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So far APCSS Editor has created 576 blog entries.

Assoc. Prof. Lumbaca publishes an article on the changing landscape of terrorism

By |2019-04-23T09:10:56-10:00April 19th, 2019|Categories: College, External Publications, Faculty, Independent Faculty Articles, Lumbaca|Tags: , , |

DKI APCSS Associate Professor Lt. Col. J. “Lumpy” Lumbaca published an article in Small Wars Journal recently entitled “Indo-Pacific Terrorism: What to expect for the foreseeable future.” The article addresses the influence of the Islamic State on terrorists, the effective use of technologies to increase the sophistication in terror attacks and a multitude of other factors that have changed the terrorist landscape in the past two decades. Excerpt: The advancements here are more about hardware, tactics, techniques, and procedures used by terrorists to make attacks more deadly.  The May 2018 Islamic State-linked Jamaah Ansharut Daulah suicide bombings in Surabaya demonstrated the [...]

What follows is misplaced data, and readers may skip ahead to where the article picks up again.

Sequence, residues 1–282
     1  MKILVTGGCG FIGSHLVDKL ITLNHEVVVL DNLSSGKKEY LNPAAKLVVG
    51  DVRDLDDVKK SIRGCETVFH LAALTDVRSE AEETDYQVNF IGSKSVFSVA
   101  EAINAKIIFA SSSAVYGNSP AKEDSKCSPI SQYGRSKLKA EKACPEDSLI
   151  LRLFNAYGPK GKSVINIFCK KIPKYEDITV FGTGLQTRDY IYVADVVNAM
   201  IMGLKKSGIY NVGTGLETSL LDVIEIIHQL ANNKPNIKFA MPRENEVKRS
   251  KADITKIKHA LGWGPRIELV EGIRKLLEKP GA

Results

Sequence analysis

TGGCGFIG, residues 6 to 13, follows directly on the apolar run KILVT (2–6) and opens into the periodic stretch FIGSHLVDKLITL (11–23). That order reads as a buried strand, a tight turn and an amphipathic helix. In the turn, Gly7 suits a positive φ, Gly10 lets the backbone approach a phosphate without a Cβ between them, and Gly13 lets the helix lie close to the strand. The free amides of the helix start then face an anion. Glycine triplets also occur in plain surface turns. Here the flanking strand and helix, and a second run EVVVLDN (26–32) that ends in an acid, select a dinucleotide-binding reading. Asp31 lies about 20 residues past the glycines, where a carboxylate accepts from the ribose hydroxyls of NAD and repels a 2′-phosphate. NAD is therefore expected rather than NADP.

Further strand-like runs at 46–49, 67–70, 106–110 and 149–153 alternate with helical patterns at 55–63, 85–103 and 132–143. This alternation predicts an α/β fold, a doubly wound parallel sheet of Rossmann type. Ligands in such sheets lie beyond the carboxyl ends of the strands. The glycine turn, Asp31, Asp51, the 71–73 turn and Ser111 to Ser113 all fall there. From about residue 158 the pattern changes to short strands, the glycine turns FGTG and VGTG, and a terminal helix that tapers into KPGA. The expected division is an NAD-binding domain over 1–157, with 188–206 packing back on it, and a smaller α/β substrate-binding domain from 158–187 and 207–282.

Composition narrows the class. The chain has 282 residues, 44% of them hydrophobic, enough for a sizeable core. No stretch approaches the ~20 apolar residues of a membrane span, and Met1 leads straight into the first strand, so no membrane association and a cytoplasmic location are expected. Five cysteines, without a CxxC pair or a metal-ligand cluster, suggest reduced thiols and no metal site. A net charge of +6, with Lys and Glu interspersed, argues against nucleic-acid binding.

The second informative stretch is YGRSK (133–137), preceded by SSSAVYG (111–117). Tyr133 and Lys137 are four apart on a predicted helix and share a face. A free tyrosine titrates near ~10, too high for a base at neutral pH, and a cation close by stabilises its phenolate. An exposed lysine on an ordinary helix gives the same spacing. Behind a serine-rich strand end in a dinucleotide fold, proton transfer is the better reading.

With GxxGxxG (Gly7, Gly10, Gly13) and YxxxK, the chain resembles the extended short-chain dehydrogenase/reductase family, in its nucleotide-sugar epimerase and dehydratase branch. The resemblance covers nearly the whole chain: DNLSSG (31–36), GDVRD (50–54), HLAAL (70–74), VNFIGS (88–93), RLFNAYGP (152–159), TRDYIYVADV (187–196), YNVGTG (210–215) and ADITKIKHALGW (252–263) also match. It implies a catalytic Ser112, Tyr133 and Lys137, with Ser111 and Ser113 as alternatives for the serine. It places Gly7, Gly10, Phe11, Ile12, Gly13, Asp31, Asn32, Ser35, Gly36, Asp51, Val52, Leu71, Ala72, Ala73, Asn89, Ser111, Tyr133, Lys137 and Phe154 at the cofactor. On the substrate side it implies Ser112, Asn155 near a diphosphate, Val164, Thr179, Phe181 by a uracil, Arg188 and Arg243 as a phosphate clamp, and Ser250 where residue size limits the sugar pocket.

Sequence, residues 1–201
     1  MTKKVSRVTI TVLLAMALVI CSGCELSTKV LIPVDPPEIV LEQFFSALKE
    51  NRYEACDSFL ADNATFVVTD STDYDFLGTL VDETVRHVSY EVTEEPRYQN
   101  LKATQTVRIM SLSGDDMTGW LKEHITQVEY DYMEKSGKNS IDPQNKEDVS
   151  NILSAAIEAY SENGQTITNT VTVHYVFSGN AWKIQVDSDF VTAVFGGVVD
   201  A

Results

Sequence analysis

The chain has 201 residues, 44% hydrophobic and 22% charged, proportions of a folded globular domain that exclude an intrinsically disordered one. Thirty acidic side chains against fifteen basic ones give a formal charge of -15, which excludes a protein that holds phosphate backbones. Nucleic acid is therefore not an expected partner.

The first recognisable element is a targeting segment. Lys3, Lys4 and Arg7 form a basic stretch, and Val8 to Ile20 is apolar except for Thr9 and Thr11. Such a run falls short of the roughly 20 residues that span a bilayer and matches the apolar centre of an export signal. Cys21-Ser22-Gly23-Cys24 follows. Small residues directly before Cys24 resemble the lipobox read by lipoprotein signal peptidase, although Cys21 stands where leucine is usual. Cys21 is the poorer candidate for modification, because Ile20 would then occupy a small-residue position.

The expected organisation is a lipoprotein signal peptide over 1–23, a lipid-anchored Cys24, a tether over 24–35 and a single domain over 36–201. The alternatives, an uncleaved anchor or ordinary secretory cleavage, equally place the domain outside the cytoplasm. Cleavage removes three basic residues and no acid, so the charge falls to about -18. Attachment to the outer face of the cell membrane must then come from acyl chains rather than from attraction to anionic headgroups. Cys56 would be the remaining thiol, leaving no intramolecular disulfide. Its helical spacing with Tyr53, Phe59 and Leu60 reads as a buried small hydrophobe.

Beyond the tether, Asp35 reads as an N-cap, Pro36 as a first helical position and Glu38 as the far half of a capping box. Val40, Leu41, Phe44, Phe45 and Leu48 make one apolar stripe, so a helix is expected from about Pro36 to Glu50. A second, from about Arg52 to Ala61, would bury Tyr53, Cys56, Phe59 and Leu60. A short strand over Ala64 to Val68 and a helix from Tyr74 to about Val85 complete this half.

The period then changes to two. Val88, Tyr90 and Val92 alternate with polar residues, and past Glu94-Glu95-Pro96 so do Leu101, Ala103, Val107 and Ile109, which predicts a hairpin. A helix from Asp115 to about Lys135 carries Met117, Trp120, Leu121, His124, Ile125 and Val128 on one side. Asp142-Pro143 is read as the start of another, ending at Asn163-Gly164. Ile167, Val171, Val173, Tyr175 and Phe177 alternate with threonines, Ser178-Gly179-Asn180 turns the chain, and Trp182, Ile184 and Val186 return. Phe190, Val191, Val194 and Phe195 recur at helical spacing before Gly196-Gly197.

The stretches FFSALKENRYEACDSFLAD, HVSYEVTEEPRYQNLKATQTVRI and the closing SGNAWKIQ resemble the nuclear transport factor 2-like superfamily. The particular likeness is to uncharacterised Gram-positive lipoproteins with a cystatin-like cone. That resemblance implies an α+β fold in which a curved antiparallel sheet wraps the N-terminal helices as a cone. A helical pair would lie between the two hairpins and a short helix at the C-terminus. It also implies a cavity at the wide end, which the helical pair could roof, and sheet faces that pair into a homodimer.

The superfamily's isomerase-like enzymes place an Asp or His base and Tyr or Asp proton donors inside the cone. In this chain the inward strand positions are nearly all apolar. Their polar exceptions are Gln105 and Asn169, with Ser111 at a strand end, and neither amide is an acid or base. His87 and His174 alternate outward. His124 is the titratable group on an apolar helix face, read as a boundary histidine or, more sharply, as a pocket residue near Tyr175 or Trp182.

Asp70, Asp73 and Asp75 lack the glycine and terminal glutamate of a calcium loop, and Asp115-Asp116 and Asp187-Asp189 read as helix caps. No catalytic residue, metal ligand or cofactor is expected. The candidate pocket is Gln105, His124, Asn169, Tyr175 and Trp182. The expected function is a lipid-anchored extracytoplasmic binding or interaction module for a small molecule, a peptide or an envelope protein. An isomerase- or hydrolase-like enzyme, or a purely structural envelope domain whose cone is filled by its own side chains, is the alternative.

Dr. Ryan discusses the need to integrate the private sector into international disaster response

By |2019-04-01T15:22:40-10:00April 1st, 2019|Categories: Ryan|Tags: , , , |

Daniel K. Inouye Asia-Pacific Center for Security Studies (DKI APCSS) professor Dr. Benjamin Ryan delivered a presentation on how and why the private sector should be integrated into international disaster response Mar. 26. The presentation was hosted Dr. Malinda Steenkamp and Ms. Johanna Garnett from the Torrens Resilience Institute, Flinders University, in Adelaide, Australia. The presentation was attended by representatives from the private sector, government and academia. Dr. Ryan discussed how increased disaster frequency and intensity throughout the Indo-Pacific is progressively pushing humanitarian agencies beyond their ability to cope and while the use of the military in such situations is standard [...]

CCM 19-1 concludes with 101 new Alumni!

By |2019-03-19T11:21:36-10:00March 18th, 2019|Categories: Courses|Tags: , , , , |